The Rules To Getting Clients Online (Part 2)
A few weeks ago, I wrote about the first three rules to getting clients online. Here are a few more to help you get started.
Don’t Flaunt Pointless Awards
“I think I found a good lawyer to help us with our case that will shape the outcome of our lives. I hope he’s Martindale Hubbell A/V rated,” said no one ever. There are ratings that are important to the public, like having that big “A” in your window from the health department if you sell food. People know what that is. It also has a logical rating scale. Telling your potential clients that on a scale of 0 to best, you are “AV” means nothing. Lawyers are the only ones who know what an AV rating is, and not all of them. In fact, the same can be said for a lot of lawyer awards.
I’m not saying don’t mention your awards. I’m saying don’t mention them in a way that assumes your client base understands what it means and don’t assume they appreciate the significance of the award. Don’t just put in your bio “A/V rated lawyer.” That means nothing. Say “received highest ranking for ethical and professional standards by one of the nation’s most prestigious attorney ranking systems” or something.
Be Wary of False Awards
I routinely get letters in the mail from some form of national lawyer association telling me that out of the 1.2 million lawyers in the United States, I am in the top 30 of something and I just need to pay $5,000 to be listed in their magazine and website. I was flattered the first time I got one of those letters that a 4th year lawyer would be recognized in such a way. Then, I took 30 seconds to Google that organization and found out that it was a total scam. If I had paid the $5,000 to get that award and listed that on my website, imagine if a client saw that award and decided to google it. That would do more harm than good.
Claim Your Online Presence
I‘ve talked about having a robust social media presence too many times to count. For those of you with no social media presence at all, don’t worry. You don’t need to worry about investing lots of attorney time into all the snapchats and the twitters. You should, however, claim your Twitter, Facebook Business page, Avvo, and Yelp profiles. If your website says you are the best, but when I google you, I can’t find any other information about you, I’m going to be suspicious. That’s just how people shop around these days. They expect to find things about you online. Would you buy a TV on Amazon if it said it was the best, but had no reviews, while virtually every other TV has lots of reviews? That would make you suspicious that it’s maybe not the best TV like it claims. Fill out your basic contact info and upload a picture. Clients are much more likely to trust you enough to reach out to you if they know what you look like.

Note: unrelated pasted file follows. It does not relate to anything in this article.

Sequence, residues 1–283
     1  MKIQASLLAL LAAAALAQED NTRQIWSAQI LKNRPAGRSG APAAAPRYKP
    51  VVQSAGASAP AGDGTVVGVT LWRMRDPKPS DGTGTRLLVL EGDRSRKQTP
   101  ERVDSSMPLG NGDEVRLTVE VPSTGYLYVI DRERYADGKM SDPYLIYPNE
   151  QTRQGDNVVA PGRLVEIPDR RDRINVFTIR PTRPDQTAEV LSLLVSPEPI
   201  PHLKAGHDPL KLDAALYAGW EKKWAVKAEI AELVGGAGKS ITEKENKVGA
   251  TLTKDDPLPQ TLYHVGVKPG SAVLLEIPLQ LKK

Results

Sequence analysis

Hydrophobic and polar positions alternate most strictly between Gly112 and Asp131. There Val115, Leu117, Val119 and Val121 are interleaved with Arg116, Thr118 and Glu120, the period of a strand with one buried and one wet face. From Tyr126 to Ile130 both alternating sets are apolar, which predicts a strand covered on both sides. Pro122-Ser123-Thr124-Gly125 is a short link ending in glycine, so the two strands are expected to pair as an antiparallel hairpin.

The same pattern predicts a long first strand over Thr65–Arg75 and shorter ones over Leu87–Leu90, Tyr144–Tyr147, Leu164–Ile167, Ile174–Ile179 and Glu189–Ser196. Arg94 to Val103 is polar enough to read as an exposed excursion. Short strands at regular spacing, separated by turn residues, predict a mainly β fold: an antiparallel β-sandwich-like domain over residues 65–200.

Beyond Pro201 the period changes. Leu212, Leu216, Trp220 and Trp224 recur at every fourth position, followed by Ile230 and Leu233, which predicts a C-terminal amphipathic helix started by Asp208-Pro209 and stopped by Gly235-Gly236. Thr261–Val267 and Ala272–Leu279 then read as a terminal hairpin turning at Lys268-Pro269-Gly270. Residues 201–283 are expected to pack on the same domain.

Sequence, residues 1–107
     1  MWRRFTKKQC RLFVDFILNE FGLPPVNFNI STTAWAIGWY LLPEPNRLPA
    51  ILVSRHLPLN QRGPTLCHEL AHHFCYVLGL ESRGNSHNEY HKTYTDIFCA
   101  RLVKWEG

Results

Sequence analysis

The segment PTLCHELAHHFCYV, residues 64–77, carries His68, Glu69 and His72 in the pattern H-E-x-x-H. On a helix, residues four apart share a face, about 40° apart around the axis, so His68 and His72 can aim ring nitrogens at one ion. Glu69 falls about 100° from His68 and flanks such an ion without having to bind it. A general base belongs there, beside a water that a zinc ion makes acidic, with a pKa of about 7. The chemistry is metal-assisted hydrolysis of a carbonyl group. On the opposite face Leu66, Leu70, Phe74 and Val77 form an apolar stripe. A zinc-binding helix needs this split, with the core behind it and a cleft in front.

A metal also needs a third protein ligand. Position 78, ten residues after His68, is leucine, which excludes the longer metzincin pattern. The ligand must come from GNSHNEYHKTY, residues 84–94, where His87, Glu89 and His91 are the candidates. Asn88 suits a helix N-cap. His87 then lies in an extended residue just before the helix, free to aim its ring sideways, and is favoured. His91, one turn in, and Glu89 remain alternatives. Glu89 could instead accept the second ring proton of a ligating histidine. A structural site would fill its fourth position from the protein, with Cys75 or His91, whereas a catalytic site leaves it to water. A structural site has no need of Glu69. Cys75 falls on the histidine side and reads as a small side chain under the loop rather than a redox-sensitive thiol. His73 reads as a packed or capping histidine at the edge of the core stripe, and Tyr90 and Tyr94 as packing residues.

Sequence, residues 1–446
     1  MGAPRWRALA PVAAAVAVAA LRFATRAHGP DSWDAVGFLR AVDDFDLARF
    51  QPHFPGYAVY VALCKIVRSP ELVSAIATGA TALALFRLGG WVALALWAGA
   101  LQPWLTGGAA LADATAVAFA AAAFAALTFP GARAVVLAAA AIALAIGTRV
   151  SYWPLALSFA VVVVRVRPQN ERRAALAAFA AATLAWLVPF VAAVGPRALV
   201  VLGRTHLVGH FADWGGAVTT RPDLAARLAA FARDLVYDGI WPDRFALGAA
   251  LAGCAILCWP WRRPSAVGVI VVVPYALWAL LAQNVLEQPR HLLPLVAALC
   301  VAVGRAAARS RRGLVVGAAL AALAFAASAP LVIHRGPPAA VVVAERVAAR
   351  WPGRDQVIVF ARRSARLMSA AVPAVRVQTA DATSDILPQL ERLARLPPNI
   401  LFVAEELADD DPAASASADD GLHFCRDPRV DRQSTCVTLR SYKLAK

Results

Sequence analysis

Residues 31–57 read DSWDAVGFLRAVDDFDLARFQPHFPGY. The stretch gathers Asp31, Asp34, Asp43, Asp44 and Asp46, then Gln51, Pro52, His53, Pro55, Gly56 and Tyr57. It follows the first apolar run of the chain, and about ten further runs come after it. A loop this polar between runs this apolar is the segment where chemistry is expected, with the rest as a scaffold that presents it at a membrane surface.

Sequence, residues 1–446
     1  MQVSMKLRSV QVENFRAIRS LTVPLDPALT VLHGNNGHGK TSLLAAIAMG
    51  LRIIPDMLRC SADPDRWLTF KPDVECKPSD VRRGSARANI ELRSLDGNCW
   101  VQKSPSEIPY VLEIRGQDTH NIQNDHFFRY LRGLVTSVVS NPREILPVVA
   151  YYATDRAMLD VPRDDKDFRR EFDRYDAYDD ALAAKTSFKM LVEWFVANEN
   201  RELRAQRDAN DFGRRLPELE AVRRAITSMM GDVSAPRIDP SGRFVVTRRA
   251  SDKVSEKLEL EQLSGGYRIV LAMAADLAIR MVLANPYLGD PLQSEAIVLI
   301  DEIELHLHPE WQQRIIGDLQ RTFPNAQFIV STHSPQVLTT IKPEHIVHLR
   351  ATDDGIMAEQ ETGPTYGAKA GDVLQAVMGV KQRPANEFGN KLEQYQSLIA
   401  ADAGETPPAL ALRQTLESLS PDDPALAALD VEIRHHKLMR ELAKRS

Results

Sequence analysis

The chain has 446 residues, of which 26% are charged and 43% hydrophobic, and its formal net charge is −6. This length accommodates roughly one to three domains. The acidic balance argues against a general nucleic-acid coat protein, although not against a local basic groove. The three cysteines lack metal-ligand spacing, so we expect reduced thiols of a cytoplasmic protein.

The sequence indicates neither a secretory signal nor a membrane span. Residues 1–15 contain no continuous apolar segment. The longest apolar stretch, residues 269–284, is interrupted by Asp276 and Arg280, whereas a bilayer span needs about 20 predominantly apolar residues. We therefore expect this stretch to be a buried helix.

How often should you update your social media? As often as you can, but even if you don’t update it, at least claim your pages. I would personally rather hire a lawyer with zero tweets than 45,000 tweets because I would need someone who could focus for most of the day and not chat online with their friends for an hour a day on Twitter.
Remember to always focus on your audience. How are they going to find you? What are they going to think when they do find you? Are they going to be impressed or bored and skeptical? Target your efforts to keep the audience in mind and you’ll do fine.
Jeff Bennion is a solo practitioner at the Law Office of Jeff Bennion. He serves as a member of the Board of Directors of San Diego’s plaintiffs’ trial lawyers association, Consumer Attorneys of San Diego. He is also the Education Chair and Executive Committee member of the State Bar of California’s Law Practice Management and Technology section. He is a member of the Advisory Council and instructor at UCSD’s Litigation Technology Management program. His opinions are his own. Follow him on Twitter here or on Facebook here, or contact him by email at firstname.lastname@example.org.
Published at Wed, 22 Feb 2017 00:00:50 +0000
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